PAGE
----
4. He contended that the husband is working as a Clerk in the State Government, i.e. in the department of Employment Exchange and getting monthly salary of about Rs. 5,000/-, he has to maintain his second wife and son only and the maintenance awarded @ Rs. 500/- per month is very meagre amount which needs to be enhanced to the tune of Rs. 1,000/- per month. He contended that in such circumstances the impugned judgment and order passed by the learned Additional Sessions Judge, quashing the order of maintenance granted to wife is not sustainable in law and the learned Additional Sessions Judge ought to have allowed the criminal revision No. 53-A/2000 filed by the wife for enhancement of the maintenance. In support of these submissions, he relied on the decision of the Single Bench of this Court in the case of Kaushalyabai Dinkar Mule v. Dinkar Mahadeorao Mule, 2001 Cri.L.J. 2292.

5. Mr. Soman, the learned counsel for the respondent-husband contended that the marital tie between the parties had come to an end by execution of the customary divorce deed on 25-11-1995 and the criminal proceedings filed by the wife under Section 498A of the Indian Penal Code were compromised before the Loknyayalaya and, therefore, the criminal prosecution was withdrawn in consequence of the consent deed (Exh.23) wherein it has been clearly stipulated that the wife has relinquished her right to claim past and future maintenance in view of the fact that the lump sum amount of Rs. 40,000/- was paid to her on 25-11-1995. He contended that the husband and wife are living separately by mutual consent and in such circumstances, the wife has lost her right to claim alimony from the husband in view of the provisions of Section 125(4) of the Code of Criminal Procedure. In support of these contentions he relied on three decisions of the Single Bench of this Court in the cases of ; (1) Popat Kashinath Bodke v. Kamalabai Popat Bodke, 2003(2) Mh.L.J. 608 = 2003 All MR (Cri) 868, (2) Vitthal Hiraji Jadhav v. Harnabai Vitthal Jadhav, 2003(4) Mh.L.J. 23 = 2003 All M.R. (Cri) 1094 and (3) Gajanan Pandurang Solanke v. Sheela Gajanan Solanke, 2005(1) Mh.L.J. 348 = 2005 All M.R. (Cri) 314.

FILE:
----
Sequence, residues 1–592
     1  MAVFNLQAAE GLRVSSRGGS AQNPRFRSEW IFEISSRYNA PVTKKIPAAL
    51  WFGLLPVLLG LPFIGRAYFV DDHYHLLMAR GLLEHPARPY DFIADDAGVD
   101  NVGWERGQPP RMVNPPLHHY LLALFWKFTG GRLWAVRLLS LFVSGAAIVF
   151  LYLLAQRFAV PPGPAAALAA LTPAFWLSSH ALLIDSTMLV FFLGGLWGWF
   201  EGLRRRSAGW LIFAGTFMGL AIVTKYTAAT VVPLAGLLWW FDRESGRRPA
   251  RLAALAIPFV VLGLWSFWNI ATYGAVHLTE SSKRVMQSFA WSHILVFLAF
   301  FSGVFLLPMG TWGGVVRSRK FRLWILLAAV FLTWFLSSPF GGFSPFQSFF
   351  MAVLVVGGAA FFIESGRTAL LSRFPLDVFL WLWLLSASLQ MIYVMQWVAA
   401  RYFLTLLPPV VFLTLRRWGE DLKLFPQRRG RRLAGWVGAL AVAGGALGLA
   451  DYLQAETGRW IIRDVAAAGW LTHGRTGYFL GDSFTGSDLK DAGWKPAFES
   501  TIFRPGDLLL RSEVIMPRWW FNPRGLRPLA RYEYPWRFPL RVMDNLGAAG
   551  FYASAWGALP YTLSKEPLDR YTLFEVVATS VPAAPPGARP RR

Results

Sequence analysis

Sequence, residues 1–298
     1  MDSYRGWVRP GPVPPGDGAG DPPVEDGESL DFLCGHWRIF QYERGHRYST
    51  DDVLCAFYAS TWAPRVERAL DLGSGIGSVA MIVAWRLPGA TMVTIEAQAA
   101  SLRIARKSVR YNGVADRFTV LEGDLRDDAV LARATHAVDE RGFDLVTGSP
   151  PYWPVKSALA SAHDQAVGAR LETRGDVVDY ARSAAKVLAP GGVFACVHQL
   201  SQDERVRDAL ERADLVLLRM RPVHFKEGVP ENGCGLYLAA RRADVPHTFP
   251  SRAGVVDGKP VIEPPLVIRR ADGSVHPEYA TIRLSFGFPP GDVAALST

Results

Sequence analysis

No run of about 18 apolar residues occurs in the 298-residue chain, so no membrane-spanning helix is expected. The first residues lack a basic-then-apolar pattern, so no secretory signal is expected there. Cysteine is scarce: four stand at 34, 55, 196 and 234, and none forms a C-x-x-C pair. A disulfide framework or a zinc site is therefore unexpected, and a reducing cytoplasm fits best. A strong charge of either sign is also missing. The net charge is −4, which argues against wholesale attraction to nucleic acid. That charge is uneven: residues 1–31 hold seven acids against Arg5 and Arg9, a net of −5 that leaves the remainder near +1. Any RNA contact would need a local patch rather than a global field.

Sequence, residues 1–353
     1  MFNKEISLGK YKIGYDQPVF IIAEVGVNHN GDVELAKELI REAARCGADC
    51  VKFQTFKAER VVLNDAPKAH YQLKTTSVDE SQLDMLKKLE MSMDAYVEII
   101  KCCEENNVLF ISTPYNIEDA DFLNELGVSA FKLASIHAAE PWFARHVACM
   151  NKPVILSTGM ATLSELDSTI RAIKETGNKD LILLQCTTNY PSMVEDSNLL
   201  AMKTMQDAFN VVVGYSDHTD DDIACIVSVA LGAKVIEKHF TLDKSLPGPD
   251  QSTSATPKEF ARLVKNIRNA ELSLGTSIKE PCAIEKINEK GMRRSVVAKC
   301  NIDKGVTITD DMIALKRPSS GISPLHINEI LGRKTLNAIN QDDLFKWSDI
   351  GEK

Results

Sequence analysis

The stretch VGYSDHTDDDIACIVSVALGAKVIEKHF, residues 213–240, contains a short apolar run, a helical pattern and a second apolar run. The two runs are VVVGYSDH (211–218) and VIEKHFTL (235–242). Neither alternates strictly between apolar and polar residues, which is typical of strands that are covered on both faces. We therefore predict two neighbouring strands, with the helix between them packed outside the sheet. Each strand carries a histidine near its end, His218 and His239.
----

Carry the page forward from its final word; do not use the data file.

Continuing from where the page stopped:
6. This Court has given thoughtful consideration to the contentions canvassed by the learned counsel for the parties. It is not in dispute that Tejaswini is legally wedded wife of respondent No. 1 Chandrakant Shirsat and their marriage was solemnized in the year 1985. The couple is blessed with one son Rahul, the petitioner No. 2. The learned Magistrate granted maintenance @ Rs. 500/- per month to son Rahul from the date of the application and this order passed by the Magistrate has been confirmed by the learned Additional Sessions Judge.

7. It is necessary to reproduce Sub-section (4) of Section 125 of the Criminal Procedure Code which contemplates as under :

“No wife shall be entitled to receive an allowance for the maintenance or the interim maintenance and expenses of proceeding, as the case may be, from her husband under this section if she is living in adultery, or if, without any sufficient reason, she refuses to live with her husband, or if they are living separately by mutual consent.”

8. In Popat Kashinath Bodke v. Kamalabai and in Vittal Hiraji Jadhav v. Harnabai Vitthal Jadhav (cited supra), the ratio has been laid down that, “..when the spouses entered into an agreement after matrimonial dispute, the texture of the document is to be seen. Words, sentences used are to be considered. Intention expressed by the language of the document has to be noted and the Court should come to a conclusion as to what the spouses are expressing by such agreement and document executed between them. The document may be a document of customary divorce, the document may be for the purpose of giving a lump sum amount to the wife as alimony or the document may be for residing separately permanently and adjusting the assets and liabilities of the pair. The Court has to come to an appropriate conclusion. If by such an agreement or document the spouses are expressing to live separately by consent, it has to be considered appropriately in a matrimonial case. If the spouses are residing separately permanently by consent, then in view of Section 125(4) of Criminal Procedure Code. The wife would not be having a right to claim, alimony from the husband after the date of execution of said agreement if that agreement has been acted on and appropriate provision for maintenance has been made.”